‘Factories are benefiting from greater consumer and business optimism since last fall’s presidential election. Companies are spending more on big-ticket items such as industrial machinery, and Americans are buying cars at near-record levels. Overseas growth has spurred more exports.’ – Forbes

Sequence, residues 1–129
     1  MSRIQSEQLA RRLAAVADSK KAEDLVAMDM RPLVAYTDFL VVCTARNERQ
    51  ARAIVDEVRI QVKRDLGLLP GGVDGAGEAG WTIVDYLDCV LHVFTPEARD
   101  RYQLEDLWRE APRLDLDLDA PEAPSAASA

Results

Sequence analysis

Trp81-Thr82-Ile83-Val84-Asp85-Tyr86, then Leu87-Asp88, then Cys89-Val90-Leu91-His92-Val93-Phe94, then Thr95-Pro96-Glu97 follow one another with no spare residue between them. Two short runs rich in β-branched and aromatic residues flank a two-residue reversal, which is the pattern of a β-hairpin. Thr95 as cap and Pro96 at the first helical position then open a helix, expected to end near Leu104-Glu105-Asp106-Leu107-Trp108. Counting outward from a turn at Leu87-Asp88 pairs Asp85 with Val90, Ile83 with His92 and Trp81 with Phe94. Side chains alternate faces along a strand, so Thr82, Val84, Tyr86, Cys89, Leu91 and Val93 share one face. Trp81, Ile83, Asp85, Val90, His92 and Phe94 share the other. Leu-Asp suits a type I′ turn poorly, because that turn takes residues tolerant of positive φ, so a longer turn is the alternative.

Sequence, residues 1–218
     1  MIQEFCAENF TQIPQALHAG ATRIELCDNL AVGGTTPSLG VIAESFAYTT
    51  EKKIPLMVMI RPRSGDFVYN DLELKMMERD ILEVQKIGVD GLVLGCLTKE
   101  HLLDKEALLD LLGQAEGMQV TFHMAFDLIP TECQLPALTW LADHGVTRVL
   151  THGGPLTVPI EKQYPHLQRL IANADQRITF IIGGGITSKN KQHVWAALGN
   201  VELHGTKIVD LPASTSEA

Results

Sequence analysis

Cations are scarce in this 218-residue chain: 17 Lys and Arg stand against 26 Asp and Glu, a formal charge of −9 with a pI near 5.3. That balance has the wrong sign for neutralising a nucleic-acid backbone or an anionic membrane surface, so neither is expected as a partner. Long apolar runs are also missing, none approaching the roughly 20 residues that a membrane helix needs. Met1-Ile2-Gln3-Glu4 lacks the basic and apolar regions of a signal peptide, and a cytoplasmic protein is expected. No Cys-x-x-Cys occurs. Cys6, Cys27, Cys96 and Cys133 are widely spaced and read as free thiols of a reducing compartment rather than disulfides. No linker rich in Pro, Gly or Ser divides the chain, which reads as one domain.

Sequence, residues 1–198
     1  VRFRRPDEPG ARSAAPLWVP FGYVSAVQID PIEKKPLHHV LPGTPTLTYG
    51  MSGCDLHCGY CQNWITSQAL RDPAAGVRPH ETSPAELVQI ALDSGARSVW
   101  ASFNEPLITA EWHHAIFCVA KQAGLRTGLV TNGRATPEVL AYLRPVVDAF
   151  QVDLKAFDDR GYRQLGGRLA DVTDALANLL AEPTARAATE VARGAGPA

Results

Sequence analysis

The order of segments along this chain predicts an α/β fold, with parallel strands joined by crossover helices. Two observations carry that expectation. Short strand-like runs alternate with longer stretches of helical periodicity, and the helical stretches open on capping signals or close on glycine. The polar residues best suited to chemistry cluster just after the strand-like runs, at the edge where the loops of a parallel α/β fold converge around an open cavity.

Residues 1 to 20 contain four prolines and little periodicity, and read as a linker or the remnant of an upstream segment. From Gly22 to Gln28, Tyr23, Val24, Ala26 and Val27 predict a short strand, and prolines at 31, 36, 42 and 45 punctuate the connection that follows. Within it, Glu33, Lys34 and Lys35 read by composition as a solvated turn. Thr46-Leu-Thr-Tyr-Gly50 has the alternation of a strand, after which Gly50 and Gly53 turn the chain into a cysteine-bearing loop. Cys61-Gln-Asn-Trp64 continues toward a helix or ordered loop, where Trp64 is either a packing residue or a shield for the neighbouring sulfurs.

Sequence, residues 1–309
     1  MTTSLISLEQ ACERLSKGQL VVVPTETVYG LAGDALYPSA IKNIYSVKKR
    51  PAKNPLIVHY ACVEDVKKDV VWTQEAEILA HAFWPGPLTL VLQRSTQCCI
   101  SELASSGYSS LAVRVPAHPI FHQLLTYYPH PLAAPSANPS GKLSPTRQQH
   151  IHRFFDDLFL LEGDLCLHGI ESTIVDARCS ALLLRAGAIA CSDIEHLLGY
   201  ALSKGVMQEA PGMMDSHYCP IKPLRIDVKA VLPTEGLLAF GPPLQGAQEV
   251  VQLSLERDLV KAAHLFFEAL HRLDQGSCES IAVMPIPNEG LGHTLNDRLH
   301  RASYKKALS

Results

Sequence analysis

US industrial production was unchanged last month, while market analysts anticipated an increase, official figures revealed on Friday. The Federal Reserve reported factory production came in at 0.0% in February, falling behind analysts’ expectations for a gain of 0.3%. Meanwhile, January’s initially reported drop of 0.3% was revised to a 0.1% fall. However, manufacturing production, which accounts for 75% of overall industrial output, posted a 0.5% increase in February that matched the preceding month’s rise. A global economic recovery, stronger business investment in equipment and appropriate inventory levels allowed manufacturers to gain momentum over the last several months. The advance in manufacturing output was in line with analysts’ forecasts. Data also showed utility output decreased 5.7%, following a 5.8% decline in January. The fall was mainly driven by unusually warm temperatures. Mining production rose 2.7% last month, boosted by oil and gas drilling. Business equipment output advanced 0.7% in February, compared to a 0.1% decline registered in the prior month, whereas production of construction supplies increased 1.3% after climbing 1.4% in January. Other data released on Friday showed mood of American shoppers jumped to 97.6 in March, according to the preliminary reading released by the University of Michigan.